Blog


Reconnecting with our Environment


Written by Plant With Purpose on March 16, 2010 in General

by Stephanie Rudeen, Grant Writing Intern


One of Plant With Purpose’s missions that impassions me the most is their desire to strengthen the relationship between people and their environment. This mission might seem especially relevant for the rural farmers Plant With Purpose works with, since much of their work and daily life is centered on the environment. Many rural farmers completely depend on the environment for survival; they may farm for money, as well as to produce sustenance for their family.

For those of us who are not rural farmers, I feel as if our relationship with the environment can become fuzzy. In order to help protect the environment, some may drive a Prius, others may have banned paper towels and other wasteful products in their homes, and those who are a bit more extreme may dumpster dive in order not to waste food. Now, I am definitely not an expert on being green or sustainable, but I try and do my small part for the environment. But I find I often become so caught up in trying to find the newest eco-friendly gadget, or cruising through the Toyota website to look at their newest hybrid, that I begin to lose sight of improving my own relationship with the environment.

It is easy for me to focus in on the importance of the relationship between rural farmers and their environment in one of the countries where Plant With Purpose works. It is easy for me to think how important this relationship is for people that have to work and live with the land everyday, as I use my recycled toilet paper and bug my parents to install solar panels on their roof. But how often do I question the strength of my own relationship with the environment?

So much of our cultural and social traditions rely on the environment. With continuing climate change, traditions such as sharing stories around an open fire or sipping hot chocolate may become just distant memories when winter starts to become a time to wear shorts and sip iced tea. The traditional Swedish food my grandfather eats is reflective of the seasons as well, pickled herring or dairy products that have been curdled or boiled, reflect the need to store foods for cold seasons. I personally remember kayaking one early morning and watching the sun rise and reflect off a perfectly calm and silent ocean. That memory plays back in my mind as a constant reminder of the importance of the environment in my life.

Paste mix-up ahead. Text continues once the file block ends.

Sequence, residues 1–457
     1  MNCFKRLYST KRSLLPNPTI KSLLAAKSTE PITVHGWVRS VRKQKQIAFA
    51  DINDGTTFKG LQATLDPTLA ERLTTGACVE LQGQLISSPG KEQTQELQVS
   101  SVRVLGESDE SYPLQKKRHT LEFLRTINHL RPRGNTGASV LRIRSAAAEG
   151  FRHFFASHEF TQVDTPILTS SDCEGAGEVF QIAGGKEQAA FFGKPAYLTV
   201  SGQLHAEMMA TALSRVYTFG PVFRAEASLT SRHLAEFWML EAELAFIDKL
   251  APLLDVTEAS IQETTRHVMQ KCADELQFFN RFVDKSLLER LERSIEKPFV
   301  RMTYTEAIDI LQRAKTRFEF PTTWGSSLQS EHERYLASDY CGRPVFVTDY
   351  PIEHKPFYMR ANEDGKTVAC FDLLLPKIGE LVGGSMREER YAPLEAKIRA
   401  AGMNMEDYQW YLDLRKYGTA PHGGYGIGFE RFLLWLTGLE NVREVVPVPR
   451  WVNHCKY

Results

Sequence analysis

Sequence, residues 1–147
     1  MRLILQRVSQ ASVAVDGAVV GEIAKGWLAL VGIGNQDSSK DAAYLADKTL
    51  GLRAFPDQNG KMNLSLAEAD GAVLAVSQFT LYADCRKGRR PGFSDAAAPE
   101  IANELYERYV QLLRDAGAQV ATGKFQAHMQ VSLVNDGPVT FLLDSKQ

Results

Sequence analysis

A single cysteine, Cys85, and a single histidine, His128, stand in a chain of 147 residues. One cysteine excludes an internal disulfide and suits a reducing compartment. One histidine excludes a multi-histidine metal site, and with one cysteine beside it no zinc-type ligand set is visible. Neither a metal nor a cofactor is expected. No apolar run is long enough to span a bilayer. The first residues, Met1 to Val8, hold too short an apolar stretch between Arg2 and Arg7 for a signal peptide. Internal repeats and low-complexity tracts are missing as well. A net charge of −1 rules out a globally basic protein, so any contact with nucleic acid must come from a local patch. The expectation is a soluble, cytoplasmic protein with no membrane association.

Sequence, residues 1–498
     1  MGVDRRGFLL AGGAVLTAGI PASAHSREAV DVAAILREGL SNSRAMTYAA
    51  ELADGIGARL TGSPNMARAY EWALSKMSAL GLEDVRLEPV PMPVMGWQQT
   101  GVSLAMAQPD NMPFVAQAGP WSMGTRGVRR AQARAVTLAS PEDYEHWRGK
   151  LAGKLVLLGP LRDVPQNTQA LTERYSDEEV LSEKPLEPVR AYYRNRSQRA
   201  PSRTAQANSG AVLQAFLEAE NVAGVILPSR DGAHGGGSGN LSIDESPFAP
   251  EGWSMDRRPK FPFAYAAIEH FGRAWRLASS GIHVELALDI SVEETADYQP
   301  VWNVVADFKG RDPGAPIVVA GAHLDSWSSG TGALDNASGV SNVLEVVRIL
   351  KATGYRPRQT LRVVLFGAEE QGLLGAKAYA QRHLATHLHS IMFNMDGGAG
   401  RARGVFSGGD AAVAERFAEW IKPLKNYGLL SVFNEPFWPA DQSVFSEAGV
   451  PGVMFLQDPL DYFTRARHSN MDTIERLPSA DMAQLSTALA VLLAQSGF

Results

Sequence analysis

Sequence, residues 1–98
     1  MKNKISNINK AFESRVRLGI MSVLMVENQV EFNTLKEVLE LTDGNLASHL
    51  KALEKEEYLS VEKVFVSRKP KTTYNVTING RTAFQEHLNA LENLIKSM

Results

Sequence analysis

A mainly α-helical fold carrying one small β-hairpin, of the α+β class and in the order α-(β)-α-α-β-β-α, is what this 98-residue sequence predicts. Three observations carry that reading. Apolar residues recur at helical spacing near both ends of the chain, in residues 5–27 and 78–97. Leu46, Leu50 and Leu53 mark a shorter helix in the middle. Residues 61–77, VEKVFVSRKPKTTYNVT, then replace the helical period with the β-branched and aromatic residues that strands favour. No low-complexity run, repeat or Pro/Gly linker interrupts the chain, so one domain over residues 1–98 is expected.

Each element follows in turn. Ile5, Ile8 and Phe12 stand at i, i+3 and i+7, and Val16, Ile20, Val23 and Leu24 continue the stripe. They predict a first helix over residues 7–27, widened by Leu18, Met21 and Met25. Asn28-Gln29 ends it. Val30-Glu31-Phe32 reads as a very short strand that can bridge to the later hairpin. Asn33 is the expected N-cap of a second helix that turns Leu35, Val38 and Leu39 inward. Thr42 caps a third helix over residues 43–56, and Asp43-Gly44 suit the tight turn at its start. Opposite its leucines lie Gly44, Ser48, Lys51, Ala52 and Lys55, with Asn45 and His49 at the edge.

I think it is important to be reminded of our own relationship to the environment, not just through products, but also through memories and our own social and cultural traditions.

While it may be easy to tell a rural farmer of the importance of strengthening his or her relationship with the environment, it is harder for us to criticize ourselves, especially when so many of our interactions with the environment have become filtered through so many layers. I am proud to work with an organization that pursues this mission to strengthen the relationship between people and their environment, not just by handing rural farmers some green and eco-friendly products, but by teaching them, as well as learning from them, the importance of the environment and how to work with it to improve lives. I must constantly remind myself to take a step back, recall those moments when the environment made me feel alive or more connected with my loved ones, and then look ahead, and see what I can do to make the environment better for tomorrow.


Leave a Reply